Nurses picket highlights needs
Pointing out the severe nursing shortage in Nevada and California, more than 150 union-supported registered nurses picketed Tuesday outside Washoe Medical Center.
The Reno hospital receives on the average 18 patients a month from Barton Memorial Hospital, CareFlight ambulance service reported.
There was no work stoppage at Washoe Medical Center as a result of the afternoon picket, which organizers say prompted community sympathizers to honk as they drove by.
The nurses are angry over the state of contract talks, charging the hospital with unfair labor practices.
The union filed a complaint with the National Labor Relations Board, claiming medical center officials disrupted union-staged activities and illegally withheld merit-wage increases based on the performances of 400 nurses since July 1.
The union has been meeting with hospital officials to hash out negotiations since Dec. 1, 1999, but the progress is too slow to satisfy the registered nurses.
“We are very anxious to get this concluded,” Washoe Medical Center spokeswoman Judy Davis said.
Davis declined to comment about the compensation package on the table but recognized the importance of working out a deal that would be competitive in an evolving workforce.
“We are very concerned with how hard it is to attract a capable, caring staff,” she said.
The sides are expected to go back to the bargaining table March 1.
“We have requested on several occasions for interim wage increases to keep Washoe Medical Center competitive with the surrounding hospitals, yet they have refused on each occasion,” union representative and hospital RN Carin Franklin said. “We need to let the community know what we have felt for a long time, that the hospital is not bargaining in good faith.”
Franklin said the challenge of attracting and keeping qualified nurses is all the more critical given the West’s nursing shortage.
“The turnover is killing us faster than what the schools can turn out,” she said.
Nevada was ranked last in a recently released federal report in its nurse-to-population ratio. A division of the U.S. Department of Health and Human Services also rated its neighboring Golden State as second to last.
“The way the population is exploding, the supply and demand is completely off balance,” Nevada Hospital Association spokeswoman Doreen Begley said. “This isn’t just a health-care issue. It’s a community issue.”
Begley attributes the shortage to a number of factors.
While the level of enrollment in nursing schools has lowered because so many other fields present more options to the traditionally female line of work, the number of nurses opting for retirement has gone up. The average nurse’s age is 45.4.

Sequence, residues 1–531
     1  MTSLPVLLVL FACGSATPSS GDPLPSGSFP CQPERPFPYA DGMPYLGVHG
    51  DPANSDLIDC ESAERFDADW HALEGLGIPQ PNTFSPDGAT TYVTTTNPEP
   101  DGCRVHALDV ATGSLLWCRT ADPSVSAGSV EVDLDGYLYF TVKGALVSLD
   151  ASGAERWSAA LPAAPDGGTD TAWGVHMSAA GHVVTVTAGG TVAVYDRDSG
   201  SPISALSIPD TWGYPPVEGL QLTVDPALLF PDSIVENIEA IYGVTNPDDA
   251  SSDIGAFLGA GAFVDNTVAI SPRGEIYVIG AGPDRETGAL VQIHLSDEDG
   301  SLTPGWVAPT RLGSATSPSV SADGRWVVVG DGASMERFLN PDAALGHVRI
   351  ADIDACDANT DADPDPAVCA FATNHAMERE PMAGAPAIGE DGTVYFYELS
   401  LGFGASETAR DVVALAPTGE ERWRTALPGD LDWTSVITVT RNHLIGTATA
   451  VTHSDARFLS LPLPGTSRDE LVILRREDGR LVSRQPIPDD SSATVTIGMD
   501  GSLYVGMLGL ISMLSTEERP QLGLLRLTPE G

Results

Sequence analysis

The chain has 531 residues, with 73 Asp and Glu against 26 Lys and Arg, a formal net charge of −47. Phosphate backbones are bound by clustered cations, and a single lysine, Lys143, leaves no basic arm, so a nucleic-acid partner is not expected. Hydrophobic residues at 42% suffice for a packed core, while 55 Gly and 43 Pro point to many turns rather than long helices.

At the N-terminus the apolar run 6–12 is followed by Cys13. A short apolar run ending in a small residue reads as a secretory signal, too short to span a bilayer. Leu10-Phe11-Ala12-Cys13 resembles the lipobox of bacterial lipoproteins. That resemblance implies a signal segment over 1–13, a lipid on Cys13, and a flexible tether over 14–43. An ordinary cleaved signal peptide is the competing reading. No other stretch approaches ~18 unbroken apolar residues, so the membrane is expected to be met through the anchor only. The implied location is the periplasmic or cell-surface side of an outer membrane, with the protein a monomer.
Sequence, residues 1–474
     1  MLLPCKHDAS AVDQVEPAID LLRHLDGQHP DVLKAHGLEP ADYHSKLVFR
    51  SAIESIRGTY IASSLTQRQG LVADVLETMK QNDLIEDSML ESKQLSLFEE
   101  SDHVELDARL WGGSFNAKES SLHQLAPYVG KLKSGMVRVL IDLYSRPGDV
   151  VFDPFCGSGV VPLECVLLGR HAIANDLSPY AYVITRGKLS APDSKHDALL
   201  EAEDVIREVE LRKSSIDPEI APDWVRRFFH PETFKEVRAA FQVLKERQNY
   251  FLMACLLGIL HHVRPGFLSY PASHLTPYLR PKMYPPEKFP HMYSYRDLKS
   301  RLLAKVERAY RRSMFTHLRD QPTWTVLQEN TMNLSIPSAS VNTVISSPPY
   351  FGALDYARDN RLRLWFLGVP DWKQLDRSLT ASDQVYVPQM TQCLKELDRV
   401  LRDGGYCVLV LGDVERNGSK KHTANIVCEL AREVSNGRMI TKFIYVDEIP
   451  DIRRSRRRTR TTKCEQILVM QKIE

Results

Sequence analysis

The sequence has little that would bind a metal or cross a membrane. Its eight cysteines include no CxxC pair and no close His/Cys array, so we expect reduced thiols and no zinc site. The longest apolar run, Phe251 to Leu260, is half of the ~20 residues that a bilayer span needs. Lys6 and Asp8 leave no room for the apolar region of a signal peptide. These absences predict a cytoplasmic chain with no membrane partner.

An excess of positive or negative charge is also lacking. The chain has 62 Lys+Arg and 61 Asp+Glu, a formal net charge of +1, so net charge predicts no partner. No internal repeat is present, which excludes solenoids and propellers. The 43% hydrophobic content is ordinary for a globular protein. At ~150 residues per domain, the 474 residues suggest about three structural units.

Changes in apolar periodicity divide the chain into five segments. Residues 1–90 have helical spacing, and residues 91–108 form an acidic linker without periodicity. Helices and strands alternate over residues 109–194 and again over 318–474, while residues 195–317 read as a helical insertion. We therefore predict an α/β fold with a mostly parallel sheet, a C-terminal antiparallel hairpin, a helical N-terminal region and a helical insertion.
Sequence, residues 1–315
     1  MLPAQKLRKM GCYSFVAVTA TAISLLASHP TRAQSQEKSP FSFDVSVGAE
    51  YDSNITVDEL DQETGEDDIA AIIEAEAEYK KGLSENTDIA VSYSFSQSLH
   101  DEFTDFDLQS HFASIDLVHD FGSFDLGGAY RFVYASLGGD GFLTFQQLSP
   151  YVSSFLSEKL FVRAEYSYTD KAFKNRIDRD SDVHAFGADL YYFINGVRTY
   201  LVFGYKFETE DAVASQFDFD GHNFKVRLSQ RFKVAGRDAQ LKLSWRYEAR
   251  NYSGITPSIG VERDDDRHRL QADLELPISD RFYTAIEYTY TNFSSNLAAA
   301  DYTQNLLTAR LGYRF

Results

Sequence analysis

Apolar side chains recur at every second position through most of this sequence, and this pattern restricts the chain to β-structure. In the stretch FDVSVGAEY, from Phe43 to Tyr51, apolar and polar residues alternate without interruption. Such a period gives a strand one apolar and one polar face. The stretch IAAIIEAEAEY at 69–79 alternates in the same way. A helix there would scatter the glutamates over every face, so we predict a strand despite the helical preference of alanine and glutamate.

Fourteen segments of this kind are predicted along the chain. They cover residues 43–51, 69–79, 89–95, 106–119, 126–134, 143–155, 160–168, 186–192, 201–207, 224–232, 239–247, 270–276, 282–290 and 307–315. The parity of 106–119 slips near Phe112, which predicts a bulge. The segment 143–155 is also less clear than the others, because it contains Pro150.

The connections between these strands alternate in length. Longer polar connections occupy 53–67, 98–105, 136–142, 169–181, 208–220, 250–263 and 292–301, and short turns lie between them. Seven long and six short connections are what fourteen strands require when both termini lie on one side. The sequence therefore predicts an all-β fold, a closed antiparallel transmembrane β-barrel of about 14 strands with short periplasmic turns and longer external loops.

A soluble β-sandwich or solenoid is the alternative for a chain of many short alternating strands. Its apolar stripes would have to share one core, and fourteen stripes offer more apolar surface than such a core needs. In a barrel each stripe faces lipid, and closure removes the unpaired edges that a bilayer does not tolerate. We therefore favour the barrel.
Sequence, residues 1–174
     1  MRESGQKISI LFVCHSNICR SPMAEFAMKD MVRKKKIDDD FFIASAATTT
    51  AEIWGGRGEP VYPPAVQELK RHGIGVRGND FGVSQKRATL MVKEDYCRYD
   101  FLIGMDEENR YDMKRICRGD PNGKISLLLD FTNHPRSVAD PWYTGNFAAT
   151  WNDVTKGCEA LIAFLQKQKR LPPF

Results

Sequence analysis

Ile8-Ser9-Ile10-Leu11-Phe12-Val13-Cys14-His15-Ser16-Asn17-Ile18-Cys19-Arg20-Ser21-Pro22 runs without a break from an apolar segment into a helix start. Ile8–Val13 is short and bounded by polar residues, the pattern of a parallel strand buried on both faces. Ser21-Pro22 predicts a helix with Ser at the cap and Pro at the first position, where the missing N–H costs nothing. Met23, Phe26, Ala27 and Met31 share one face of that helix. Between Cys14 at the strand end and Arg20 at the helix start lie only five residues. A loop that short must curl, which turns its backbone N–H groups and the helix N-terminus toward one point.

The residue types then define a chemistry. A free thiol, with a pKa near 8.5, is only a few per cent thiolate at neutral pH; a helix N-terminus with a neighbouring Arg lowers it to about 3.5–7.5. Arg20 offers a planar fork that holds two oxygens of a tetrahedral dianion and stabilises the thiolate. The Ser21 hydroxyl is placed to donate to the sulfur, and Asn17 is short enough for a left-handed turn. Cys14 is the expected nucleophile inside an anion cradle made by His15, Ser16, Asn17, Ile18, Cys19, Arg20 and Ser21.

The population growth in Nevada as well as California has also increased significantly, with the Silver State taking the prize as the fastest growing state in the nation, according to preliminary U.S. Census figures. Las Vegas is the fastest growing city.
Begley said nurses are seeking perks that range from better hours and salaries to acknowledgement and recognition.
“Nurses have become so homogenized. We need to recoup the romance,” she said of attracting a significant number of prospective nurses to the field.
To address the issue, Begley’s hospital association is hosting a free, public forum at the Holiday Inn in Reno March 5 and 6.
University of Nevada, Reno, Health Policy Analyst, John Packham, will present his local research, titled “The Nursing Workforce and Nursing Education.”
In his study, Packham used state employment estimates, along with nursing-school enrollment at the four community colleges and two universities against projected statewide demand. He then broke them down by region – Las Vegas, Reno and the rural balance of the state.
Like an island in a sea of turmoil, Barton Memorial Hospital officials say Lake Tahoe’s unique nature places it in a position not as impacted by the shortage as surrounding medical centers.
“It’s not as hard to recruit here as Fresno and Los Angeles,” Barton Risk Manager Katherin Biasotti said. “I think we have a unique situation here. We haven’t had a shortage.”
Quite the contrary, the RN said the South Shore hospital – which shares a joint operating agreement with Washoe Health System as it concerns Carson Valley Medical Center in Gardnerville – has been able to fill the positions because people want to live here.
However, Biasotti recognized the “widespread problem” as a topic of discussion occupying many meetings among nurse case managers.
Barton is helped by having a large non-benefited pool of per-diem nurses. And it has a new graduate program with an extensive amount of training for nurses who come on board. As part of it, new nurses receive 56 hours of class time over six months, said Vicki McKenna of the hospital’s education department.
The hospital recruits within 200 miles of its location.
On the North Shore, Tahoe Forest Hospital has also tried to head off the crisis situation at the pass.
“We haven’t experienced it in the past. That’s why we’re addressing it now,” said Ann Holmes-Delforge, the Truckee hospital’s director of inpatient services.
The hospital gives temporary employees on-site housing and works closely with different schools to attract its nursing staff, she said.
Holmes-Delforge said the Tahoe situation is hard to judge but feels the nurse supply-and-demand pendulum swing could shift up to the lake at any time.
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